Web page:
Gamification – applying the mechanics behind gaming to achieve behavioral goals – is everywhere at the moment. From boosting upselling in fast food restaurants to encouraging faster recovery amongst stroke patients, its appeal seems almost endless. In Gartner’s Gamification 2020 report, they predict that at least a quarter of everyday business processes incorporate elements of gamification by now. That number rises to 50% for organizations who use formal innovation management processes.
As emerging leaders in the field of game-based learning for IT professionals, the Simulcation team have been working with gamification techniques for some time. We believe it can transform education, empowering more confident, resilient professionals in a variety of roles. Let’s lift the lid on the theory behind the technology…
What is gamification?
Gaming remains as popular as ever – and it’s not just for teenagers. The average game player today is 37 years old, with 42% women. Gamification takes the key elements of gaming – play, fun and reward – and applies it to non-game settings. Progressing through achievement levels, winning points and bonuses can all be powerful incentives for behavioral change, encouraging users to improve their performance and learn new skills. Quests and missions can structure tasks so users achieve a finite goal. In business, they have been used to design solutions in everything from learning and development, to career counselling and sales techniques.
Gamification is constantly evolving as increasing investment promotes more research into theories and applications. The balance appears to be tipping further away from entertainment towards business performance, harnessing user experience design principles, powerful motivation, and the sense of accomplishment that comes from achieving goals that have an obvious personal value.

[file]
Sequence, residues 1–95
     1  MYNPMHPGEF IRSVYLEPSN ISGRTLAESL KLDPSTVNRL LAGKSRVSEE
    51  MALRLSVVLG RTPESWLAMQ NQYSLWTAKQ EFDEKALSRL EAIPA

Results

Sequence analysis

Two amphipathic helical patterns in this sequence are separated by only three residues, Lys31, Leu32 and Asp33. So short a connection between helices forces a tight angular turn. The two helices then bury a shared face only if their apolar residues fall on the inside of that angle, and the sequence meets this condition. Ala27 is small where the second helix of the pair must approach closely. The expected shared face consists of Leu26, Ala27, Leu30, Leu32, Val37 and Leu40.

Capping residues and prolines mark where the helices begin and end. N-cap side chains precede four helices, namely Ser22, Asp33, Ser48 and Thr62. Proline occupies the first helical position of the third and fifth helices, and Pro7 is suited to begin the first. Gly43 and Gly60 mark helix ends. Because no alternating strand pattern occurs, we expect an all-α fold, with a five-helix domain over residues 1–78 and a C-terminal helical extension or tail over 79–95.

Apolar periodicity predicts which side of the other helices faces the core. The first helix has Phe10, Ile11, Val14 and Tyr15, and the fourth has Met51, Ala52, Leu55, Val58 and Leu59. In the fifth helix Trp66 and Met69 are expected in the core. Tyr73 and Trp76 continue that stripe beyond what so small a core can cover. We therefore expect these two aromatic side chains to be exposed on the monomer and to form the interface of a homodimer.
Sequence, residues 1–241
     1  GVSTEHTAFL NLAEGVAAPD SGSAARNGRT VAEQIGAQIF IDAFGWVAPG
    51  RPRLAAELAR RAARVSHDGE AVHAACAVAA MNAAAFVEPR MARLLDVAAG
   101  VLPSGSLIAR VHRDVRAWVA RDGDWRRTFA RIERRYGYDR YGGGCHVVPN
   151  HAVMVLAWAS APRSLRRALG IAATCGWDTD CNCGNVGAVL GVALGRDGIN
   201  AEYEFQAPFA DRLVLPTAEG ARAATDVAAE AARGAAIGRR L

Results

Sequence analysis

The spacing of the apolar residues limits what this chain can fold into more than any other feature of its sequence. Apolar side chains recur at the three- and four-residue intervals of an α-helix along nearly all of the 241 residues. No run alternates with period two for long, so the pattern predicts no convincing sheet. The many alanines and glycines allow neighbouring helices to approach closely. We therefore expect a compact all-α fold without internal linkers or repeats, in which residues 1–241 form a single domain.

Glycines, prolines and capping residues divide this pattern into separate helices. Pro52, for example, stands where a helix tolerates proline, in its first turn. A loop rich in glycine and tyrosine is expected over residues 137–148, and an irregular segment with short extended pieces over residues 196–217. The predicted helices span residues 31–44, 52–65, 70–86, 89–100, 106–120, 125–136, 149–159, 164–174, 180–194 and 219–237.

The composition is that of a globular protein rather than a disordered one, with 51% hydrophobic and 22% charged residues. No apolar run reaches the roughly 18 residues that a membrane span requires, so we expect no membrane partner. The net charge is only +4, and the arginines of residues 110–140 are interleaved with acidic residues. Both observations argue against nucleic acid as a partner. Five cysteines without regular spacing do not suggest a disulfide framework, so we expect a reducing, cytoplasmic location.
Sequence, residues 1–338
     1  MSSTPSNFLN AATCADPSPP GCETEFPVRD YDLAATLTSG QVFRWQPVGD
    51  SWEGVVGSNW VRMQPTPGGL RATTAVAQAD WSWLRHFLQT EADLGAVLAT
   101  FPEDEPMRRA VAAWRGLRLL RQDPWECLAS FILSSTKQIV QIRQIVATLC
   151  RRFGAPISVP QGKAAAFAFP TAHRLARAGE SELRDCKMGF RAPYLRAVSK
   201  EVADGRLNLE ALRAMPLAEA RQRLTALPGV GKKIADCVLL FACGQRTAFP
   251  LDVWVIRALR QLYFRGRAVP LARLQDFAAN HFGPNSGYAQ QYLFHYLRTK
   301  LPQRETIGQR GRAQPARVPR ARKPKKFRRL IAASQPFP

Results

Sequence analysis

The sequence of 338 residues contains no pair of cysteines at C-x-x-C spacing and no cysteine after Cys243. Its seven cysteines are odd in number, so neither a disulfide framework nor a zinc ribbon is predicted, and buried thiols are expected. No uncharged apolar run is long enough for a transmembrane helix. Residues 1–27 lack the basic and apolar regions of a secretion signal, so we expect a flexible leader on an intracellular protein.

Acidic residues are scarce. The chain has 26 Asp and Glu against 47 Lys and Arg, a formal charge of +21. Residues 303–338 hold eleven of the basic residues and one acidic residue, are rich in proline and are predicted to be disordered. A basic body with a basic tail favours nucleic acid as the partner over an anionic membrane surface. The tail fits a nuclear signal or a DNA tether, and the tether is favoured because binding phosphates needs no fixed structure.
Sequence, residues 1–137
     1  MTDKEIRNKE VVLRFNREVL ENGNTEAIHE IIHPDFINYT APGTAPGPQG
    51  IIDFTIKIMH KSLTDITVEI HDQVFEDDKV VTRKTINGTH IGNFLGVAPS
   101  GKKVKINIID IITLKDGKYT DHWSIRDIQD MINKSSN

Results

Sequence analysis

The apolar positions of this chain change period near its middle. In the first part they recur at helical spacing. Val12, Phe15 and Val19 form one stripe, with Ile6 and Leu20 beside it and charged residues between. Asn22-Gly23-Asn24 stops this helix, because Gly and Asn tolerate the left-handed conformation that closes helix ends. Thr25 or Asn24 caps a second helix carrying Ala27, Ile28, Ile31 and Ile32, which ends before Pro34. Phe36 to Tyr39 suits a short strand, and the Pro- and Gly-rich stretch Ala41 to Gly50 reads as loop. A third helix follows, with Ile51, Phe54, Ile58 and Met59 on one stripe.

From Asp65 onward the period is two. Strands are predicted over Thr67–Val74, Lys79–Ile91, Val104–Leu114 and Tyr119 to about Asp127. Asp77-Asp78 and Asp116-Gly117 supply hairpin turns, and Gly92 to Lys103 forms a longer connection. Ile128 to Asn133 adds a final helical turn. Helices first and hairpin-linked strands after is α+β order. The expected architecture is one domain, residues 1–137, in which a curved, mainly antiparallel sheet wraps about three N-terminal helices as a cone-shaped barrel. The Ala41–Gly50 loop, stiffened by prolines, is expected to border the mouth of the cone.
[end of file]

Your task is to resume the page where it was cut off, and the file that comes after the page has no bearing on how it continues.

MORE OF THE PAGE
What’s the value?
According to a Deloitte report into emerging tech trends, gamification’s benefits to organizations include:
- Enhanced employee and customer engagement
- Collaboration, interaction, learning and awareness
- Using a medium (gaming) that’s already harnessed by a significant proportion of the population. The mechanisms and tropes will be familiar and most millennials already use gaming, social media and emerging technologies as part of everyday life. Schools are also developing gamification learning technologies.
- Promote compliance, accountability and transparency by ‘playing by the rules’.
- Develop a loyal customer following and be more competitive in recruiting, retaining and training talent.
These might sound appealing, but the ‘so what?’ for today’s businesses lies in finding the right mix of gamification techniques that will resonate with your specific stakeholders to achieve the right goals.
We’ve taken popular elements of competitive gameplay, including missions, point-scoring and leaderboards, to create a virtual world where IT professionals, sales teams and students can experiment to find their optimum mix of hardware, software and services. Called Simulcation Datacenter, it applies the science that says we learn better by experiencing, by doing.